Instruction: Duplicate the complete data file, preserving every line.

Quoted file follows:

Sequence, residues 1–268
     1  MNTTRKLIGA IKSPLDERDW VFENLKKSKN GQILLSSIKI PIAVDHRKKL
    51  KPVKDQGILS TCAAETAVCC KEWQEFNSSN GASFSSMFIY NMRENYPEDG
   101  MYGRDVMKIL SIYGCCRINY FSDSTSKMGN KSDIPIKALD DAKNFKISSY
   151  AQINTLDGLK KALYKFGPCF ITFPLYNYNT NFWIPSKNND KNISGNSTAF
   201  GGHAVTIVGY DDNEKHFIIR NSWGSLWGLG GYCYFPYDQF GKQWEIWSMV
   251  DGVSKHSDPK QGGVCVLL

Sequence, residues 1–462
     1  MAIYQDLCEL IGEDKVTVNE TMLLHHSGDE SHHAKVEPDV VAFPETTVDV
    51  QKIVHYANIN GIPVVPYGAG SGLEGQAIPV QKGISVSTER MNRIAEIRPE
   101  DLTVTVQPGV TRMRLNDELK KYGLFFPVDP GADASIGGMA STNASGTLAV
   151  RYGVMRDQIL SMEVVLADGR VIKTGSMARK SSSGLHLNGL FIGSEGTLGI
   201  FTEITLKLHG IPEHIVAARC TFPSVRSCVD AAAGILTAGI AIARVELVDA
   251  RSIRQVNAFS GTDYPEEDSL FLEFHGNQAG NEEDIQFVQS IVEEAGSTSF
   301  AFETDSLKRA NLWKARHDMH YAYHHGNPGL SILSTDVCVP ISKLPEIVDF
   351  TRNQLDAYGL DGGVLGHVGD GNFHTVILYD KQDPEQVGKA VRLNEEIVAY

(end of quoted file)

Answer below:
Sequence, residues 1–268
     1  MNTTRKLIGA IKSPLDERDW VFENLKKSKN GQILLSSIKI PIAVDHRKKL
    51  KPVKDQGILS TCAAETAVCC KEWQEFNSSN GASFSSMFIY NMRENYPEDG
   101  MYGRDVMKIL SIYGCCRINY FSDSTSKMGN KSDIPIKALD DAKNFKISSY
   151  AQINTLDGLK KALYKFGPCF ITFPLYNYNT NFWIPSKNND KNISGNSTAF
   201  GGHAVTIVGY DDNEKHFIIR NSWGSLWGLG GYCYFPYDQF GKQWEIWSMV
   251  DGVSKHSDPK QGGVCVLL

Sequence, residues 1–462
     1  MAIYQDLCEL IGEDKVTVNE TMLLHHSGDE SHHAKVEPDV VAFPETTVDV
    51  QKIVHYANIN GIPVVPYGAG SGLEGQAIPV QKGISVSTER MNRIAEIRPE
   101  DLTVTVQPGV TRMRLNDELK KYGLFFPVDP GADASIGGMA STNASGTLAV
   151  RYGVMRDQIL SMEVVLADGR VIKTGSMARK SSSGLHLNGL FIGSEGTLGI
   201  FTEITLKLHG IPEHIVAARC TFPSVRSCVD AAAGILTAGI AIARVELVDA
   251  RSIRQVNAFS GTDYPEEDSL FLEFHGNQAG NEEDIQFVQS IVEEAGSTSF
   301  AFETDSLKRA NLWKARHDMH YAYHHGNPGL SILSTDVCVP ISKLPEIVDF
   351  TRNQLDAYGL DGGVLGHVGD GNFHTVILYD KQDPEQVGKA VRLNEEIVAY